July 05, 2018
2 min read

Fetal exposure to folic acid via fortified foods tied to lower psychosis risk

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Joshua L. Roffman

Increased gestational exposure to fortification of grain products with folic acid may protect against psychotic symptoms in offspring, according to findings published in JAMA Psychiatry.

“Schizophrenia, autism and other serious mental illnesses that occur in young people tend to be chronic, debilitating and incompletely responsive to medication and other treatments,” Joshua L. Roffman, MD, MMSc, of the department of psychiatry, Massachusetts General Hospital, told Healio Psychiatry. “Efforts to prevent these illnesses have also been elusive, but with mounting evidence suggesting that risk for severe mental illness begins in the womb, finding ways to target this critical developmental time point has become a priority.”

Researchers examined the connections between fetal folic acid exposure, cortical maturation and psychiatric risk in children in this retrospective, observational clinical cohort study. They measured the differences in cortical thickness among nonexposed, partially exposed and fully exposed youths as well as the underlying links between age and cortical thickness in all cohorts.

“Our work builds on recent, large public health studies that have linked maternal use of folic acid supplements with substantial decreases in autism risk for the child — work that although well replicated has lacked biological mechanisms to support a causal relationship between folic acid exposure and reduced risk of illness,” Roffman said.

Conducted at Massachusetts General Hospital, the investigators identified 292 children aged 8 to 18 years born between 1993 and end of 2001 with normal clinical MRI results and divided them into three age-matched groups based on birthdate and related level of prenatal folic acid fortification exposure. MRI took place between January 2005 and March 2015. They studied two independent, community-based cohorts — the Philadelphia Neurodevelopmental Cohort and NIH MRI Study of Normal Brain Development — which comprised 1,078 youths born throughout or before the rollout of the U.S.-mandated grain product fortification with folic acid in effect by mid-1997, for replication, clinical extension and specificity. In analysis of the Philadelphia cohort, they also examined the ties between age-cortical thickness slopes and the risk for psychotic symptoms.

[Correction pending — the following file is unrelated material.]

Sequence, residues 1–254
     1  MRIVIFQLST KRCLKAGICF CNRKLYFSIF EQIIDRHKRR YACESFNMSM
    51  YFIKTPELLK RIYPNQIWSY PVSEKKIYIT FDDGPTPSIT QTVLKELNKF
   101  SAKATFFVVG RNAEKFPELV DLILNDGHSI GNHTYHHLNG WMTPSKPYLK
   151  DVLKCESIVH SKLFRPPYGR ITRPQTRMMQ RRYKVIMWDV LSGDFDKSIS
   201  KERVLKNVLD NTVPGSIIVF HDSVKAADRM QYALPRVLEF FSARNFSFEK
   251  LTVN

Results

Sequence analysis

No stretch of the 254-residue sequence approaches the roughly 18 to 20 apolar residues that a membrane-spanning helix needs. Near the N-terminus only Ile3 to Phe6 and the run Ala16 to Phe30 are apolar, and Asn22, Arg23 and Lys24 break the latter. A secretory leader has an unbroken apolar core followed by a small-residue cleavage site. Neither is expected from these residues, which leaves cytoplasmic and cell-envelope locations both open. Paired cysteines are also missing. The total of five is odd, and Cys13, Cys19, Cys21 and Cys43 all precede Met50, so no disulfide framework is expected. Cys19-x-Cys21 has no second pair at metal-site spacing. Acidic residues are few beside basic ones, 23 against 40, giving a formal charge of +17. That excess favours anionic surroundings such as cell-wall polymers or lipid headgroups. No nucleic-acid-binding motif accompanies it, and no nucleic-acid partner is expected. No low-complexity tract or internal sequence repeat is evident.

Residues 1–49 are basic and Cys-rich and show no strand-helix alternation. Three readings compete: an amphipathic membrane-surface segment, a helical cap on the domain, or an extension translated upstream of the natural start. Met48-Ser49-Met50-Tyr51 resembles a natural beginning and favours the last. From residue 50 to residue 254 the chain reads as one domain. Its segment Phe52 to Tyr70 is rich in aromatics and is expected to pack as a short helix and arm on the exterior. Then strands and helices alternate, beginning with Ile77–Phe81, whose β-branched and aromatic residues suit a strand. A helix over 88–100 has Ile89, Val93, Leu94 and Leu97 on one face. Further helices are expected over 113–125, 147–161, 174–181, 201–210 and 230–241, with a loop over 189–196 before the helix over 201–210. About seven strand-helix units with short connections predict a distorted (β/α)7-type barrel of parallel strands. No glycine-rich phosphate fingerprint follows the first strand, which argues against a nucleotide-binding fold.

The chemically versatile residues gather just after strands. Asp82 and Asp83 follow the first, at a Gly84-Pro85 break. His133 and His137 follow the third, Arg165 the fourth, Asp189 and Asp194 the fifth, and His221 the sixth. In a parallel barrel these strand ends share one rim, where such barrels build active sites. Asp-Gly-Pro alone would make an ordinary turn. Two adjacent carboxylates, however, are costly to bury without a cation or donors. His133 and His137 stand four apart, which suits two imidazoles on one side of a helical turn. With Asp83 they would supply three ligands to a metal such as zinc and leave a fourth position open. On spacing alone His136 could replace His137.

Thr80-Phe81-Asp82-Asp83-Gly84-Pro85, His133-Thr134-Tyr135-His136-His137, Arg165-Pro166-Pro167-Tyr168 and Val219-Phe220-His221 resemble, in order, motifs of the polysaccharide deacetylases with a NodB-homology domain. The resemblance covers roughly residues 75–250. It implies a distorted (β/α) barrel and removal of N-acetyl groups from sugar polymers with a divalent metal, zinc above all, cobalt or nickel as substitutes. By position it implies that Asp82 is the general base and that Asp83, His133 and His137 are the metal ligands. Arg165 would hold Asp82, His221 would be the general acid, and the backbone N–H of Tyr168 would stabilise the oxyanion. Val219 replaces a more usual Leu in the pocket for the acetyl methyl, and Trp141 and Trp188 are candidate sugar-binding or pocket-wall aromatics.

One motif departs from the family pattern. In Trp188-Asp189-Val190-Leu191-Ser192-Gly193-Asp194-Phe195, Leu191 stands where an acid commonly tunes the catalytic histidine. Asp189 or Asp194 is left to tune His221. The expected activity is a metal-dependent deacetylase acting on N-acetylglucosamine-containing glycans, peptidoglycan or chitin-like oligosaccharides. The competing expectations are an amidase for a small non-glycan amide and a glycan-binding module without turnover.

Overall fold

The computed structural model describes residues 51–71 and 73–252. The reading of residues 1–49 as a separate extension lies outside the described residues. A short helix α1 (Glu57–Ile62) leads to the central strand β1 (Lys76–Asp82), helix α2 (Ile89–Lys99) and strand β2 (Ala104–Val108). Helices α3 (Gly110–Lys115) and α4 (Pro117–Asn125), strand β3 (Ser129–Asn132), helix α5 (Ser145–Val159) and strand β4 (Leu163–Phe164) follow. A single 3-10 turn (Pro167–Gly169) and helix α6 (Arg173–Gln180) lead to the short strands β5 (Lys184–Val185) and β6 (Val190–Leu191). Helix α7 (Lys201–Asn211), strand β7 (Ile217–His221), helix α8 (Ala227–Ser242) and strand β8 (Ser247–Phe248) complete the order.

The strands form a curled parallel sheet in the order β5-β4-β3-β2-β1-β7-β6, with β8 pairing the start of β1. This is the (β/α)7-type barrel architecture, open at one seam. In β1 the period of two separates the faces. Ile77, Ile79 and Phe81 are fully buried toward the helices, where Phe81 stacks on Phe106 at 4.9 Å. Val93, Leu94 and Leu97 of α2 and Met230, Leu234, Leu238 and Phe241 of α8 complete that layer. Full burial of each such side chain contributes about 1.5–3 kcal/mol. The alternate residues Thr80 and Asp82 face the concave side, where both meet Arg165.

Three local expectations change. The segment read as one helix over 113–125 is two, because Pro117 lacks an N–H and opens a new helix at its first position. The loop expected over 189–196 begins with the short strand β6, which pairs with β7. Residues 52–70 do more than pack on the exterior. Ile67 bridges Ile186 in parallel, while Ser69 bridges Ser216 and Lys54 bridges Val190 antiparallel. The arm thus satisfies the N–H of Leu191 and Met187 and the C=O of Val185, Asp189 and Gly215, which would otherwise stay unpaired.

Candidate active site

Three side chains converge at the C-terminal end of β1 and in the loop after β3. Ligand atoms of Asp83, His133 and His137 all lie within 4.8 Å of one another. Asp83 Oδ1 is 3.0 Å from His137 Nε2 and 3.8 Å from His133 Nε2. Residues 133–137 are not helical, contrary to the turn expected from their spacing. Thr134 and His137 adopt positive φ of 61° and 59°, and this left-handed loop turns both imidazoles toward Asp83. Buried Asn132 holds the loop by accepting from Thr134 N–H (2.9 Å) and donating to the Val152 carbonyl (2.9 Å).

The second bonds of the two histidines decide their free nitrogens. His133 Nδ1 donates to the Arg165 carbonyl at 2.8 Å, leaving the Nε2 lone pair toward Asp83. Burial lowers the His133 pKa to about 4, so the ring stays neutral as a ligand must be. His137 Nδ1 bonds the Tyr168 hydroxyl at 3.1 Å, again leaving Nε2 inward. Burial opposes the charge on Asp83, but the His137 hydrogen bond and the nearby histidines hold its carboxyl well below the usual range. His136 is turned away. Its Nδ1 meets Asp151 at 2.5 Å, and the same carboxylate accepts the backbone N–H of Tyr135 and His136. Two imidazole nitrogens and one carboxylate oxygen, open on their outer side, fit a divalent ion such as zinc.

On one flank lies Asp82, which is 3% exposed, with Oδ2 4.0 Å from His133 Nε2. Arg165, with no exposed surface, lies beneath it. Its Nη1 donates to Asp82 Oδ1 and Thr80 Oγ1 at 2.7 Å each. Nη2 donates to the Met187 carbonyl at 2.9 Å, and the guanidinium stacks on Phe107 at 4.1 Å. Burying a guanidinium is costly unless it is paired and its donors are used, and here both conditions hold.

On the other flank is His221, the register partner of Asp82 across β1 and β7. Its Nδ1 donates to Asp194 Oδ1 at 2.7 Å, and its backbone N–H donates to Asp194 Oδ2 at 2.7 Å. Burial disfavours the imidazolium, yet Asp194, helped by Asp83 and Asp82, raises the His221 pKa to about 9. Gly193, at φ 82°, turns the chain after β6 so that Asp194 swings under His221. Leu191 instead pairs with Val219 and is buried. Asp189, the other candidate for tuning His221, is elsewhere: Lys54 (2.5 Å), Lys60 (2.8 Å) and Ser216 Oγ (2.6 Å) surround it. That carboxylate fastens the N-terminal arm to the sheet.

Analysis revealed that 139 girls and 153 boys in the Massachusetts General Hospital cohort had exposure-related cortical thickness increases in their bilateral frontal and temporal regions (9.9% to 11.6%; P < .001 to P = .03) and emergence of quadratic (delayed) age-associated thinning in their temporal and parietal regions ( = –11.1 to –13.9; P = .002).

The Philadelphia cohort, composed of 417 girls and 444 boys, also demonstrated exposure-related delays of cortical thinning ( = –1.59 to –1.73; P < .001 to P = .02), observed in similar brain regions and with alike delay durations as those seen in the Massachusetts cohort, according to the results. The frontal, temporal and parietal brain regions that demonstrated flatter thinning profiles were tied to lower risk for psychosis spectrum symptoms in the Philadelphia cohort (OR = 0.37-0.59; P < .05).

In addition, researchers found that all identifiable brain regions showed earlier thinning in the nonexposed NIH cohort comprised of 118 girls and 99 boys.

“While more studies are needed to conclusively link prenatal folic acid exposure with subsequent brain health, it is also important to point out that prenatal folic acid is a safe, inexpensive, and readily accessible intervention that is already recommended in women of child-bearing age to prevent spina bifida and other neural tube defects,” Roffman told Healio Psychiatry. “The prospect that such an intervention could reduce risk for severe mental illness in youth — even if only a small number of children ultimately benefit — lends some hope that large-scale preventative interventions are possible in psychiatry, as they are in areas of medicine like infectious disease.” – by Savannah Demko

Disclosure: Roffman reports grant support and consulting income from Pamlab.